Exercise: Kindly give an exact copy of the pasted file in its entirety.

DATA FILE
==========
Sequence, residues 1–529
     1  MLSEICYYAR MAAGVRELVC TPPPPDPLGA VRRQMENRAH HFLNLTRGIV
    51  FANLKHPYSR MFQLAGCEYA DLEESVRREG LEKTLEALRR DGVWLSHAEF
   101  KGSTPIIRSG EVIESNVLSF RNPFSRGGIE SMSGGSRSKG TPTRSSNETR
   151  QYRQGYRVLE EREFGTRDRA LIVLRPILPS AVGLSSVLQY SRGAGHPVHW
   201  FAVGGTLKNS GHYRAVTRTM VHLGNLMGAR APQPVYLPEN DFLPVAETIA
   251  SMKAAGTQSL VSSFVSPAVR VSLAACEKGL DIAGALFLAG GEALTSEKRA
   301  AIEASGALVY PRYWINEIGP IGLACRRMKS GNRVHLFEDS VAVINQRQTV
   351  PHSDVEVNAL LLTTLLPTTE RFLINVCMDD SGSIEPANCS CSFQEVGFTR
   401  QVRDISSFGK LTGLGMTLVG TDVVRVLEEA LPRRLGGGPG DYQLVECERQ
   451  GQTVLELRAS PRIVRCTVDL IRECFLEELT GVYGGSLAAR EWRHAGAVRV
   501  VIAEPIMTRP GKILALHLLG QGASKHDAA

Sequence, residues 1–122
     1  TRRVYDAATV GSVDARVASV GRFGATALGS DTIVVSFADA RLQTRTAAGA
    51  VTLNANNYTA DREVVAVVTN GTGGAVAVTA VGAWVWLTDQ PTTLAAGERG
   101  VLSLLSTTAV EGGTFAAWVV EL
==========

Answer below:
Sequence, residues 1–529
     1  MLSEICYYAR MAAGVRELVC TPPPPDPLGA VRRQMENRAH HFLNLTRGIV
    51  FANLKHPYSR MFQLAGCEYA DLEESVRREG LEKTLEALRR DGVWLSHAEF
   101  KGSTPIIRSG EVIESNVLSF RNPFSRGGIE SMSGGSRSKG TPTRSSNETR
   151  QYRQGYRVLE EREFGTRDRA LIVLRPILPS AVGLSSVLQY SRGAGHPVHW
   201  FAVGGTLKNS GHYRAVTRTM VHLGNLMGAR APQPVYLPEN DFLPVAETIA
   251  SMKAAGTQSL VSSFVSPAVR VSLAACEKGL DIAGALFLAG GEALTSEKRA
   301  AIEASGALVY PRYWINEIGP IGLACRRMKS GNRVHLFEDS VAVINQRQTV
   351  PHSDVEVNAL LLTTLLPTTE RFLINVCMDD SGSIEPANCS CSFQEVGFTR
   401  QVRDISSFGK LTGLGMTLVG TDVVRVLEEA LPRRLGGGPG DYQLVECERQ
   451  GQTVLELRAS PRIVRCTVDL IRECFLEELT GVYGGSLAAR EWRHAGAVRV
   501  VIAEPIMTRP GKILALHLLG QGASKHDAA

Sequence, residues 1–122
     1  TRRVYDAATV GSVDARVASV GRFGATALGS DTIVVSFADA RLQTRTAAGA
    51  VTLNANNYTA DREVVAVVTN GTGGAVAVTA VGAWVWLTDQ PTTLAAGERG
   101  VLSLLSTTAV EGGTFAAWVV EL